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Farmer’s Creek Restoration Attracts Phenomenal Wildlife Return



Quick Smiles:

  • UK farmers are fighting floods by reverting parts of their farms to their natural state, which has led to a resurgence of wildlife and a reduction in flooding.
  • James Robinson, a farmer from Cumbria, has partnered with the Ullswater Catchment Management CIC to transform sections of his farm into wetland sanctuaries, attracting a wealth of birds and invertebrates.
  • The restoration of streams to their natural, meandering paths has been a successful model, leading to its adoption across the region.

Farmers in the UK are putting up a spirited fight against flooding by giving parts of their farms a natural makeover. This eco-friendly approach has not only welcomed back wildlife in droves but also served as a practical solution to mitigate flooding.

James Robinson, a farmer with roots in Cumbria, northwest UK, has joined forces with the Ullswater Catchment Management CIC. Together, they’ve transformed several sections of his farm into wetland wonderlands, buzzing with birds and invertebrates.

Flooding is a significant natural hazard in the UK, largely due to the transformation of waterways into deep, straight canals centuries ago. These man-made channels were designed to facilitate boat travel across the country, but they also channel water at much higher volumes and speeds than natural, winding streams.

Farmers like James Robinson are working tirelessly to reverse this process. They’re restoring rivers and streams to their natural, meandering state, slowing down the water flow and reducing the risk of flooding.

The Ullswater CIC, a Community Interest Company, has seen their stream restoration model gain popularity across the region. This includes areas like Glenridding, Windermere, West and South Cumbria, and Ullswater. “People seem to like this model,” said Danny Teasdale, the CEO of Ullswater Catchment Management, during an interview with DEFRA.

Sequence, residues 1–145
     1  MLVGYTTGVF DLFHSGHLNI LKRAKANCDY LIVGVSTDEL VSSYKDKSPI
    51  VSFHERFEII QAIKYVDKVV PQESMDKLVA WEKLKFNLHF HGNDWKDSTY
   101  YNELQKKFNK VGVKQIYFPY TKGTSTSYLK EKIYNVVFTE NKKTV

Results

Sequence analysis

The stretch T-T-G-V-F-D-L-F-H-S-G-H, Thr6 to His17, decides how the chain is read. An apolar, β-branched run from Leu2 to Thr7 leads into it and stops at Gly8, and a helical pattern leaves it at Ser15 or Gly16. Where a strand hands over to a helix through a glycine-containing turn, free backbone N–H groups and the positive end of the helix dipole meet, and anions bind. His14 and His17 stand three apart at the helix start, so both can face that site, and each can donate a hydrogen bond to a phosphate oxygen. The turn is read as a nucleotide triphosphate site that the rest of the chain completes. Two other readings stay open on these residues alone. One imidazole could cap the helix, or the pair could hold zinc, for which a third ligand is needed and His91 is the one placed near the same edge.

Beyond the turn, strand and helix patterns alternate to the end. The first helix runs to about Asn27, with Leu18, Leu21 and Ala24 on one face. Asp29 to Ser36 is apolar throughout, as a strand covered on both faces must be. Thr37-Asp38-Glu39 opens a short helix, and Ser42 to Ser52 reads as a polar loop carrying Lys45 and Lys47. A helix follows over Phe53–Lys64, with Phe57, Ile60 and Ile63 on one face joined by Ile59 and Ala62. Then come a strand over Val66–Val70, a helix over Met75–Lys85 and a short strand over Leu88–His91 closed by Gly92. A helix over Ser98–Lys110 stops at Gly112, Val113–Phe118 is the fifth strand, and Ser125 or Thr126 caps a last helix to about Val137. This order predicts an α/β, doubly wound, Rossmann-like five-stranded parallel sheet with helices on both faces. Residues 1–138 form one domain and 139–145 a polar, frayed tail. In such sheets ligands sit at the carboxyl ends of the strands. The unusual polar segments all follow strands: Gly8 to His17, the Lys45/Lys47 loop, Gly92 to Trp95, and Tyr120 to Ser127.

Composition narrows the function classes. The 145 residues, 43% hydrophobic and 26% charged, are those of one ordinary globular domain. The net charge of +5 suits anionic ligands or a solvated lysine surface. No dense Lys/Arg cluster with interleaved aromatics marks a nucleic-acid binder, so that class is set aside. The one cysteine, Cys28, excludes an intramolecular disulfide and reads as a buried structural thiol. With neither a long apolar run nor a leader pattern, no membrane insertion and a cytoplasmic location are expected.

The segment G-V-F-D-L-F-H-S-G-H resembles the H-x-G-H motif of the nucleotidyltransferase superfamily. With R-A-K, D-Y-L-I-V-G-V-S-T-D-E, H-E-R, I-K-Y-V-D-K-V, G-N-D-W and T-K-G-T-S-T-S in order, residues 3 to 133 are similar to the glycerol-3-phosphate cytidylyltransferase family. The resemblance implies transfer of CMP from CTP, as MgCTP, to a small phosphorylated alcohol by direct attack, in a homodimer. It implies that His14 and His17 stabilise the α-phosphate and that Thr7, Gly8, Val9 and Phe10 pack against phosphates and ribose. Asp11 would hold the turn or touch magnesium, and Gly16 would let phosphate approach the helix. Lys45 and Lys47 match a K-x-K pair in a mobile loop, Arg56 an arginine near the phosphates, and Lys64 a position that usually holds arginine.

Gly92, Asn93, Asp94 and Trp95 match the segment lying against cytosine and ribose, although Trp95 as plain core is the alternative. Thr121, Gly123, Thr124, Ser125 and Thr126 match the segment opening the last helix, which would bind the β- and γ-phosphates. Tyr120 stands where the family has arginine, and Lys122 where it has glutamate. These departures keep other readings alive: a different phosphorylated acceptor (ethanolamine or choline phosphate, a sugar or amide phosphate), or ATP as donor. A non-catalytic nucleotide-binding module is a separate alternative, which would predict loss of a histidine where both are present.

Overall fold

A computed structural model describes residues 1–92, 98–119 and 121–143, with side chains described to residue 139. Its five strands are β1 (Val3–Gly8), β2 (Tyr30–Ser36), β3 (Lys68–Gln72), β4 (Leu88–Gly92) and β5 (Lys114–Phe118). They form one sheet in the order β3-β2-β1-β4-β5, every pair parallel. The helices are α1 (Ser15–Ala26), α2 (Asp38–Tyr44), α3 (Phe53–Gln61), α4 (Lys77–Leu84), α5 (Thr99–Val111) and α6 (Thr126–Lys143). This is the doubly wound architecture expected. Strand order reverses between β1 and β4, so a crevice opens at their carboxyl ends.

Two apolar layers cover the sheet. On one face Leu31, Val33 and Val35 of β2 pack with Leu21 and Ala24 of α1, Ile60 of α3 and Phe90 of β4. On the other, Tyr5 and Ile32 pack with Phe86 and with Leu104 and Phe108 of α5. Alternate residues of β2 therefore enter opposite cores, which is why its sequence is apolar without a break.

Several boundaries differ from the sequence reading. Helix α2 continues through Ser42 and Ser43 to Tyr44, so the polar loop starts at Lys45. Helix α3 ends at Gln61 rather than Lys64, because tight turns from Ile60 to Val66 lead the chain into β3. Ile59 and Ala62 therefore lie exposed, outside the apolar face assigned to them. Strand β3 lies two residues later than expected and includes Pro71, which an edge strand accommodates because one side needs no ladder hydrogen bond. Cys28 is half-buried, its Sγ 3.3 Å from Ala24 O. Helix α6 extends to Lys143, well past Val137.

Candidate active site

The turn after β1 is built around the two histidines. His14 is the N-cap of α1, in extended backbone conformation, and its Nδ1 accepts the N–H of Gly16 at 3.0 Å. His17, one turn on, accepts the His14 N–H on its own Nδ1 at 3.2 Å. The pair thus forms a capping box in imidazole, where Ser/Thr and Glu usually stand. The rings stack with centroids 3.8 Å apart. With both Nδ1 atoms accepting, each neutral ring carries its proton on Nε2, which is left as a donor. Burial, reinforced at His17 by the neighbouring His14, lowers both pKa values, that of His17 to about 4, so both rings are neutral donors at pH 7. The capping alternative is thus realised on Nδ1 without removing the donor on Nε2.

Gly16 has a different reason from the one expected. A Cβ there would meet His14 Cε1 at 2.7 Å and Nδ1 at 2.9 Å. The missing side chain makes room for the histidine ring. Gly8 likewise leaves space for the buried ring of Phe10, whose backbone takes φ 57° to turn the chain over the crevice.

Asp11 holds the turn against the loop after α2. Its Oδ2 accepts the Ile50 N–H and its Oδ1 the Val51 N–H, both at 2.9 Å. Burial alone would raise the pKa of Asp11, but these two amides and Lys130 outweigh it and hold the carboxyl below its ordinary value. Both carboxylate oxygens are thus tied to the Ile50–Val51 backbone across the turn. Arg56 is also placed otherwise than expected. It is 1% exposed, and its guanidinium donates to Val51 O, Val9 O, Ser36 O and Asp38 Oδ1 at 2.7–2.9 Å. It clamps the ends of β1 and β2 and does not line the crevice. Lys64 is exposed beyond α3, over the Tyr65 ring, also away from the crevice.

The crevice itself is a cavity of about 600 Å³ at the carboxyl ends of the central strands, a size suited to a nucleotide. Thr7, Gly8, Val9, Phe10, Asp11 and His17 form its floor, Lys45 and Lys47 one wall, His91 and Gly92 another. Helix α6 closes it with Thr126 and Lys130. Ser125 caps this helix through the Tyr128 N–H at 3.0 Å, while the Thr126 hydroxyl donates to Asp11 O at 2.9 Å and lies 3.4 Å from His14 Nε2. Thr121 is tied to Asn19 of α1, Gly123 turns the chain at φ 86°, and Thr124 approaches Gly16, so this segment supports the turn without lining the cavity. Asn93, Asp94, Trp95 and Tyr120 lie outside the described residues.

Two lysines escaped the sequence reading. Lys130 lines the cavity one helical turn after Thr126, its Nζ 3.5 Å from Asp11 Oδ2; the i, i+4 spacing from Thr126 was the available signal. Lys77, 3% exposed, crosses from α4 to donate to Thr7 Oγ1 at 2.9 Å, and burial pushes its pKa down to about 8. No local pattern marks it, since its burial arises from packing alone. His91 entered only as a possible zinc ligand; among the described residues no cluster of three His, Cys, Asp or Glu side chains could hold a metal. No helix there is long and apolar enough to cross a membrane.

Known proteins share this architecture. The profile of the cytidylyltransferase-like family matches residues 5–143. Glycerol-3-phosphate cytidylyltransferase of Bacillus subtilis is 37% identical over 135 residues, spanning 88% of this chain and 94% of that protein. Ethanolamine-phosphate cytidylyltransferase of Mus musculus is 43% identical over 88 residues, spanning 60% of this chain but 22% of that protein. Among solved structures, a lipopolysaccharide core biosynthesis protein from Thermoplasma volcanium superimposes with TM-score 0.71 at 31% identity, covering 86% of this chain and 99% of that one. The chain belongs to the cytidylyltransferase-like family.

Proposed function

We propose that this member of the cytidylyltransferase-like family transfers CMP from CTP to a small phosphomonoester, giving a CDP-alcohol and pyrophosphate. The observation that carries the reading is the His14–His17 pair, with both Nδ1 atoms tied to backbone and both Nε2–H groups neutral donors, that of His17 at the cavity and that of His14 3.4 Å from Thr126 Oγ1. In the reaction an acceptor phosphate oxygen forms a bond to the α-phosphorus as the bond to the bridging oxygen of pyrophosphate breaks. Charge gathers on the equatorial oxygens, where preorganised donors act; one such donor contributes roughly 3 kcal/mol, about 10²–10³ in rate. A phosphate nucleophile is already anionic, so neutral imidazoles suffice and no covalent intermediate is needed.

The ripple effect of this initiative is impressive. As farmers chat about their experiences, more people are getting involved. The growth of the project has also led to the employment of local contractors, ensuring that any funds generated stay within the community.

Strickley Farm, where James Robinson and his family have been farming for generations, has always had streams running through it. These streams, or “becks” as Robinson calls them, have been the epicenter of much flooding over the years.


Despite efforts to control the flooding by dredging the streams, Robinson never saw much of a difference. However, he saw potential in a 4 to 5-acre piece of “rubbish” land. “In agricultural terms; it was rubbish, but environmentally and its potential or habitat was huge,” Robinson told DEFRA. He decided to put it to better use by transforming it into a natural habitat.

Teasdale and Robinson worked together to re-meander the stream, create ponds, and plant trees to prevent soil erosion. They also fenced off the area to allow the vegetation to regrow robustly.

The results have been nothing short of phenomenal. “The amount of life that has come is absolutely phenomenal,” Robinson told the Guardian. The area is now teeming with bird life and always has standing water, even during dry spells.

The restored wetland is now home to dragonflies, snipe, and even a barn owl, which hadn’t been seen on the farm in 40 years. “We’ve come down here one evening and there it was hunting, and we see it most evenings now hunting over there,” says Robinson.

Restoring the natural path and character of streams and rivers has numerous benefits, including carbon sequestration. Wetlands store more carbon underground than forests due to less decomposition of plant material.

In a landmark study by the UK Center for Ecology & Hydrology, scientists found that the majority of species thrived better in a partially-rewilded farm than in other comparable farmed landscapes. This was achieved without a drop in yield corresponding to the surrender of farming acres.


The scientists attributed this to a variety of “ecosystem services” that are difficult to quantify all together, but could involve such things as natural pest control from increased numbers of insect-eating birds.

This project is a shining example of how we can make room for nature while also addressing environmental challenges. Let’s share this uplifting story and inspire others to follow in their footsteps!